Salem medical groups agree to end Medicaid fight

SALEM, Ore. (AP) — Under pressure from the state, Salem Hospital and the organization that administers Medicaid in Marion and Polk counties have agreed to settle their differences out of court. It's a step toward resolving a dispute that officials said threatens efforts to base health care payments on outcomes rather than the number of services performed.

The hospital has agreed to drop its lawsuit against Willamette Valley Community Health, the group of providers known as a coordinated care organization, or CCO. The organization agreed to pay the hospital $457,000, the Salem Statesman Journal ( ) reported Tuesday.

The two entities also agreed to work on a new contract and to resolve an additional $330,000 in disputed claims as well as the hospital's complaints about the way the organization is governed.

The hospital and the CCO had disagreed on how much the hospital should be compensated for serving people in the Oregon Health Plan, the state's version of Medicaid. Hospital leaders had publicly called for more transparency and said conflicts of interest ran rampant in board decisions.

The coordinated care organizations are key to the health care overhaul Gov. John Kitzhaber has championed. Providers such as doctors, mental health agencies and hospitals are expected to join them and to develop strategies and payment mechanisms that focus on health results rather than payments per visit or per procedure.

The hospital's parent company, Salem Health, which has a minority stake in the coordinated care organization, sued last year over the reimbursement rate paid to its hospitals in Salem and Dallas.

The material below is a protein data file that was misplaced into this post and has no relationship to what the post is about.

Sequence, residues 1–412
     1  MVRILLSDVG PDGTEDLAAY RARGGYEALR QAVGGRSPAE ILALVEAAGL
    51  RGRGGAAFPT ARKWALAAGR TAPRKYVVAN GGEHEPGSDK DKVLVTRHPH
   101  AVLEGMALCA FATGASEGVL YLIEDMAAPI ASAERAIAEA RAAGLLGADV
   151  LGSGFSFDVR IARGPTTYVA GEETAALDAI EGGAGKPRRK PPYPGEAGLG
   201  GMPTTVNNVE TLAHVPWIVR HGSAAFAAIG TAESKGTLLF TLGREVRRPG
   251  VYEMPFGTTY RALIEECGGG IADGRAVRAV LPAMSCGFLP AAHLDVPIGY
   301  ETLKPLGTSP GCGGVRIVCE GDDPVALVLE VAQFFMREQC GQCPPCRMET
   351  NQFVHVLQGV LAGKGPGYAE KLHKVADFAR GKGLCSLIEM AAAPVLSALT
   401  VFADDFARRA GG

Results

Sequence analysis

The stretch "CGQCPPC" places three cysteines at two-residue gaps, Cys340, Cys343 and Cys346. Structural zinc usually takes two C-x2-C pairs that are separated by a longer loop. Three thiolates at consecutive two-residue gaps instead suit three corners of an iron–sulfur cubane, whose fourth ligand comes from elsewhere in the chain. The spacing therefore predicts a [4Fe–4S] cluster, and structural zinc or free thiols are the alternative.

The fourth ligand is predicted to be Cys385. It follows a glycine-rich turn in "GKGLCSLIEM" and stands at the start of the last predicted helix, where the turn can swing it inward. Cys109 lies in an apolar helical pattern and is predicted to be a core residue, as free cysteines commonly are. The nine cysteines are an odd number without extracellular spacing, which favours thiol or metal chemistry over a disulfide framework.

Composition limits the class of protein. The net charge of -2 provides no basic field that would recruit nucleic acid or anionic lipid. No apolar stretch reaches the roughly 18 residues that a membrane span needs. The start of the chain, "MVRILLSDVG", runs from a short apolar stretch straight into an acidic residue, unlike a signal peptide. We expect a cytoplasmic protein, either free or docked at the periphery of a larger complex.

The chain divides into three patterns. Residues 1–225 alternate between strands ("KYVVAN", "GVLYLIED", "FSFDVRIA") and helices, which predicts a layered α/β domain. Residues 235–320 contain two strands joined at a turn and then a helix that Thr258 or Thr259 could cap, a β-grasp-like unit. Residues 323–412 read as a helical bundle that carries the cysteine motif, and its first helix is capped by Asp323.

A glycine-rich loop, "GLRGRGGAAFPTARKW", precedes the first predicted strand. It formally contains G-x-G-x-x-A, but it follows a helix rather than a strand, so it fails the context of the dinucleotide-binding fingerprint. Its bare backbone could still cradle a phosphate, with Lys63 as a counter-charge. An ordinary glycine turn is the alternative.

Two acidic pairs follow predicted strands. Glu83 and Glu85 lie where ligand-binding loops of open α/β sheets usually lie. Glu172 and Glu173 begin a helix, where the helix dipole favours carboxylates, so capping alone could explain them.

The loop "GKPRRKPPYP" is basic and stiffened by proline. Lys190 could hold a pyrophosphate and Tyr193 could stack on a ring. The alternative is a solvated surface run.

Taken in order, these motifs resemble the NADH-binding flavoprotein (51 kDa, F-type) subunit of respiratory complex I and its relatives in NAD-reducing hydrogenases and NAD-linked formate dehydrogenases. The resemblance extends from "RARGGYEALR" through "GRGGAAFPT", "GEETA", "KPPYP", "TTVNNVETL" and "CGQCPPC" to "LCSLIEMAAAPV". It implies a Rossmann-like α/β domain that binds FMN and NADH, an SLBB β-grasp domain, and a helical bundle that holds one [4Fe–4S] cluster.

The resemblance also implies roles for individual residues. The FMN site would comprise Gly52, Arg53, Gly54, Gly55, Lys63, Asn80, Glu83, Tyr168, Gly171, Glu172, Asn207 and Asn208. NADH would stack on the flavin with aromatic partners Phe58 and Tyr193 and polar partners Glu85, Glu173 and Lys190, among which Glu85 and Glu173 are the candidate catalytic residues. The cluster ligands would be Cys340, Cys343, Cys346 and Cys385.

State officials said the Salem suit could create a precedent for other hospitals to avoid changing their practices.

After a February meeting convened by Sen. Jackie Winters, of Salem, failed to resolve the lawsuit, Reps. Brian Clem and Kevin Cameron stepped in with a bill that would have given the Oregon Health Authority the power to oust an uncooperative member of a CCO board.

The legislation was known as the "bad actor bill" and started with statewide impact but was later narrowed to focus on the Salem area. The agreement meant it wasn't needed, Clem said.

"Fortunately, good will prevailed on both sides," Clem said.

Spokeswoman Sherryll Hoar for the hospital's parent company said the parties had one formal mediation session on July 1 and then made their settlement final over the Independence Day weekend.

"With this agreement, we are now engaging in a process to rebuild trust as we move forward," said Ruth Bauman, chairwoman of Willamette Valley Community Health.

"We look forward to fine-tuning the governance processes to help us move forward," said Cheryl Wolfe, Salem Health's chief operating officer.


Information from: Statesman Journal,

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